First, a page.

On August 30, 2016, the Office of Administrative Law (OAL) approved the adoption of amendments to Article 6, Clear and Reasonable Warnings, of the California Code of Regulations. This regulatory action repeals all the regulatory provisions of Title 27 of the California Code of Regulations, Article 6 (sections 25601 et seq.), except those added via an emergency rulemaking in April 2016 related to warnings for exposures to bisphenol A (BPA) in canned foods and beverages (Sections 25603.3(f) and (g)). This action will replace the repealed sections with a new regulation divided into two new Subarticles to Article 6. The new regulation provides for updated methods of transmission and revised content of warnings deemed to be compliant with the Safe Drinking Water and Toxic Enforcement Act of 1986 (Proposition 65), as well as specified allocation of warning obligations.
Under the new regulation, a private contract between supplier/manufacturer and retailer allocating the burden of warning will supersede the requirements of new subsections (b), (c), (d) and (e) of section 25600.2 regarding who must warn. Retailers who are not able or willing to accommodate shelf or in-store warnings will need to specifically state in their vendor agreements that the supplier is to place the warning on the product if it requires a Proposition 65 warning. Without such specification, signed by the parties, the supplier/manufacturer may meet its Proposition 65 burden under the new regulation by sending notice to retailers of the required warning, along with the other elements set out in section 25600.2 (c). Suppliers should review their vendor agreements in advance of implementing action in accordance with the new regulation, as some retailers will have contracts in place regarding the placement of warnings on the product and some may not.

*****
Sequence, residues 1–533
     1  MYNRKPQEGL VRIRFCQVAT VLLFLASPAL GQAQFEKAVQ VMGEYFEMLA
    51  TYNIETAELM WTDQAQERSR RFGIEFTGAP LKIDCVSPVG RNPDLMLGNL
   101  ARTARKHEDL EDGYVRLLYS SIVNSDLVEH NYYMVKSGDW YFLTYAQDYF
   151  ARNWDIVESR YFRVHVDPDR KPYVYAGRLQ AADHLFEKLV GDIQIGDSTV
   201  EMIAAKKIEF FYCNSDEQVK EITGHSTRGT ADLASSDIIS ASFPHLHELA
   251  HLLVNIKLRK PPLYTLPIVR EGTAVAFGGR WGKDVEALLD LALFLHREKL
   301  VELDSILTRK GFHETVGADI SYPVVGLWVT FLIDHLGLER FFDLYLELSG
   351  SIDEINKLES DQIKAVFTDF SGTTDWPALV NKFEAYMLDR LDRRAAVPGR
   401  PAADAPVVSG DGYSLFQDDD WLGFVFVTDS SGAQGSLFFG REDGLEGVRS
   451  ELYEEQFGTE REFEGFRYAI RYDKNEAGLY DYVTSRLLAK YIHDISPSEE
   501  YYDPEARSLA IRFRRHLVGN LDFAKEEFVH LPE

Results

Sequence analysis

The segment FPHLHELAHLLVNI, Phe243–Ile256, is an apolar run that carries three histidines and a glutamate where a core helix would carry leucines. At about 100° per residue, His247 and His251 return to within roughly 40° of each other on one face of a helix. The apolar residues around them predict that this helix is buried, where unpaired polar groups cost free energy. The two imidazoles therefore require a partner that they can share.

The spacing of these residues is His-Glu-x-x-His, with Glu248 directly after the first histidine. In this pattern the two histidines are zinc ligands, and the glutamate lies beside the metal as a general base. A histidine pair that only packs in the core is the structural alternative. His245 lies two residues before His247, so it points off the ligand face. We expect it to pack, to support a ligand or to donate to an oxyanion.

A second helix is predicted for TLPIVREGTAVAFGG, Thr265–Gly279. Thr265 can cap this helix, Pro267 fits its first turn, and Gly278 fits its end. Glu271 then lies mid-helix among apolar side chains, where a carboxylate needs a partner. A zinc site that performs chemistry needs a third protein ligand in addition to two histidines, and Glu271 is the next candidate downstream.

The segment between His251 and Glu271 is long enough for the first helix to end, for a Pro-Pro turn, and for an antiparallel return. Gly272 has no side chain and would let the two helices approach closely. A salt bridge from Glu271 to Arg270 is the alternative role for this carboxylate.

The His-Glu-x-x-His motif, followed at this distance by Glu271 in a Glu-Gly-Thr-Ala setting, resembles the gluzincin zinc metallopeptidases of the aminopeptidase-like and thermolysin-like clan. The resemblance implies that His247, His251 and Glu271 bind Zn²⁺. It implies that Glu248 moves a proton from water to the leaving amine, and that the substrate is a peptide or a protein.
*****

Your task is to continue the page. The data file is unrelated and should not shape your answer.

The new regulation goes into effect in 24 months, on August 30, 2018. In the interim, businesses may comply with the regulation in effect on August 30, 2016, or the provisions of the new regulation. The Office of Environmental Health Hazard Assessment (OEHHA) indicates that this will allow for a reasonable transition period for businesses to begin providing warnings under the new provisions.
For more information regarding compliance with the new regulation, contact Renee D. Wasserman (firstname.lastname@example.org), J. Robert Maxwell (email@example.com) and Alecia Cotton (firstname.lastname@example.org). Biographies and other contact information are available at:Retail Industry Trade Regulation.
The content of this article is intended to provide a general guide to the subject matter and is not a substitute for legal advice.